Only four Yankees out of the 15 Will graded get the green light: Alex Rodriguez, Hideki Matsui, Enrique Wilson (who may not even be the regular second baseman) and Mike Mussina. Eight receive a yellow light, and three -- Jason Giambi, Bernie Williams, and Kevin Brown -- turn up in the red-light district. No sooner was I reading the THR (a day late) than Alex Belth floated an email saying Williams was undergoing an appendectomy and would miss Opening Day. Ugh.
Carroll offered to field my questions on the Yanks' report, and so I jotted down a handful and fired them off to him. What follows is our exchange.
FI: How much of the fact that Jason Giambi was red and Kenny Lofton was yellow is based on the two of them playing the field?
WC: It was a factor, but taking them out wouldn't have changed either significantly. Giambi would be in on age and the lack of comparable successes (at least in the long term) for his knee injury. Lofton was in the middle of the yellow range -- speed players tend to age poorly unless they refer to themselves in the third person.
FI: The news pre-op seemed more likely that Williams would be in center and Giambi would be DHing; does that change anything?
WC: Williams was actually on the cusp of yellow/red and I certainly can't predict appendectomies. Williams is both older, figures to play some in the field -- by design or by default when if Lofton gets injured, and has such a multitude of injuries in his file that it's almost impossible that one of these wouldn't jump up and bite him. Arthritic shoulders, bad knees, reduced speed, and DH doesn't necessarily help. Edgar Martinez has to go through a pretty elaborate stretching regimen before every at bat; Bernie might not make that adjustment.
FI: Good points when you think about those 35-year-old hammies. What color lights would Travis Lee, who they recently signed, and Tony Clark receive?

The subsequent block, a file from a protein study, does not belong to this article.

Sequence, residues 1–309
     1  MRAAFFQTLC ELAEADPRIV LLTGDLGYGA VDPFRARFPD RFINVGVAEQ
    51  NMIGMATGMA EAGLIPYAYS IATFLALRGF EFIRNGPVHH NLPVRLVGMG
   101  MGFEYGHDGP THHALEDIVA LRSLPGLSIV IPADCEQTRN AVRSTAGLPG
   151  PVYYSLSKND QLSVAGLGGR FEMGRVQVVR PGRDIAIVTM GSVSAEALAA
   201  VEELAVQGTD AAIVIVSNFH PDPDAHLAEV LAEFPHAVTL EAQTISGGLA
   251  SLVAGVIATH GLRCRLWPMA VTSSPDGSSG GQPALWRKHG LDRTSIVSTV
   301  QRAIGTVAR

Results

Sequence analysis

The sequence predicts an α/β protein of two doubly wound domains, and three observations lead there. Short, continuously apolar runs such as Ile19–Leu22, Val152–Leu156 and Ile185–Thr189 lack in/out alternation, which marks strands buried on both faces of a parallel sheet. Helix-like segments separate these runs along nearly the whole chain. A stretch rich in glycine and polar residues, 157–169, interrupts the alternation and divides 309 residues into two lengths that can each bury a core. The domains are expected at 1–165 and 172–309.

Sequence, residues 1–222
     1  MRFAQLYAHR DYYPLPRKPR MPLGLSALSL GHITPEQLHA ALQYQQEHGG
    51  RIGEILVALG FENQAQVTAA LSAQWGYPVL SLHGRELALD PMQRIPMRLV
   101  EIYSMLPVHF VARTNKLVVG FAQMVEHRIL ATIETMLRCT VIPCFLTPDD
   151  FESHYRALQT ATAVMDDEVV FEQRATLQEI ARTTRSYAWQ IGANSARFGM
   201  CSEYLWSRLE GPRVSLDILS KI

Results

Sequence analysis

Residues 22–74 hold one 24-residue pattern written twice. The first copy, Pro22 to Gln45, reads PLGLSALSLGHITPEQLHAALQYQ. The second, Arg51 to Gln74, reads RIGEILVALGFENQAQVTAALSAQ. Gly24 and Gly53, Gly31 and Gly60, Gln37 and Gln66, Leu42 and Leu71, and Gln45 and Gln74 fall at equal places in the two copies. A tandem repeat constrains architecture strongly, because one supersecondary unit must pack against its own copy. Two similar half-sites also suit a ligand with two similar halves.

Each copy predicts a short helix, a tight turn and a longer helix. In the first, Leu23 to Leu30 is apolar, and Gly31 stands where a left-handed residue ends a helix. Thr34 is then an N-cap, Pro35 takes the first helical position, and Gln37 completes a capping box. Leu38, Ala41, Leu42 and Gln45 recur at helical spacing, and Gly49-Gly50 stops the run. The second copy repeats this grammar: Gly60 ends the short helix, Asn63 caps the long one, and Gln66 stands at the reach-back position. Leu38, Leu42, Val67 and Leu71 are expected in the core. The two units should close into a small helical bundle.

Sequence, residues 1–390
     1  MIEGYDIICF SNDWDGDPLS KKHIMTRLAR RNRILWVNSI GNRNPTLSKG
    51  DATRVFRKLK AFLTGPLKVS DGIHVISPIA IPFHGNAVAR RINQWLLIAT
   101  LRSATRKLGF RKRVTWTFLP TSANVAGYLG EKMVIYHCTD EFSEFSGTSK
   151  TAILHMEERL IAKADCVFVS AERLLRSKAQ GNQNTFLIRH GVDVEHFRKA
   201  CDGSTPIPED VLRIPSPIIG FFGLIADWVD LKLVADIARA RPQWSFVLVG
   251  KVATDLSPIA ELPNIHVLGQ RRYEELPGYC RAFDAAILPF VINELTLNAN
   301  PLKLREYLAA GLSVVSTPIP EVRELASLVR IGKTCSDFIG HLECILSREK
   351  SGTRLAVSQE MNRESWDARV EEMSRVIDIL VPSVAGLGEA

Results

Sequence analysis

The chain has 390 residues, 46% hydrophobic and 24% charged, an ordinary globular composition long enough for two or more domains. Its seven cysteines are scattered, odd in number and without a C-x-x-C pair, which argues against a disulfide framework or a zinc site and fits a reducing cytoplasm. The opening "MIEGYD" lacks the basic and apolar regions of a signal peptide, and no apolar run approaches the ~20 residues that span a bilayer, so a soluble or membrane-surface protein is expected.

WC: Lee and Clark are both green. Neither have major recent histories and neither figures to get enough playing time to hurt themselves. 1B is the safest position on the field.
FI: How wide a variation in the eight yellows is there, and if you were able to give some of them plus (closer to green) or minus (closer to red), who would get what?
WC: Internally, there's quite a variation. Lofton is higher, Jeter is medium (thought I'm not terribly worried about him. I'll worry more if I start seeing him dive more knowing that his SS job is under scrutiny) and Sheff is pretty low. Sheffield was one of the more interesting players to research so far. No one believes his hand wasn't broken in the Cubs series. [Sheffield was just 2-for-14 with 1 RBI in the Braves' first-round loss to Chicago.]
FI: What's Kevin Brown's bigger risk, arm or back?
WC: Back, but you have to look at the entire kinetic chain. If he favors his back, he'll put more stress on his arm. I just can't see Brown going 200 innings, but he did it last year. The one thing I can't factor in is someone's pain tolerance.
FI: You didn't really elaborate on Jose Contreras' yellow -- what can you say about him? Is it based on the uncertainty of his age?
WC: No, I use the same data as PECOTA on age. Contreras only has one year in his injury history and that's the part that's uncertain. The biggest negative for him was the expected jump in innings. That's a challenge for anyone.
FI: Steve Karsay's shoulder problems last year were blamed on tendinitis, but now we're hearing that he had rotator cuff surgery. Did the Yankees conceal that? How serious was his tear?
WC: Conceal? No, but they had no reason to tell anyone. If Tom Gordon's agent knew about that, would his price have gone up? Tendinitis and cuff problems are often related. It would take a whole section of a book to explain that -- but luckily that book, Saving The Pitcher, is coming out in April!
FI: Let the record show that I added the shameless linking to Will's innocent plug of his book. Anyway, what about the rest of the Yanks' pen -- Gordon, Quantrill, Heredia, and White? Any glaring risks there?
WC: Gordon's always a risk, but used properly, he'll be fine. The rest don't figure to be major risks for anything "preventable." That word -- preventable -- is a tough one. Bernie gives us a perfect example for just how unpredictable injuries are. Any pitcher can get overused or take a ball off their head and pow -- in an instant the whole rotation or pen has changed. Where the Yankees -- and you touched on this in the intro -- are harder to figure is in how they'll deal with an injury. There's not much in Columbus, but Cashman's just as likely to go get someone from another team as he is to get someone from Triple-A.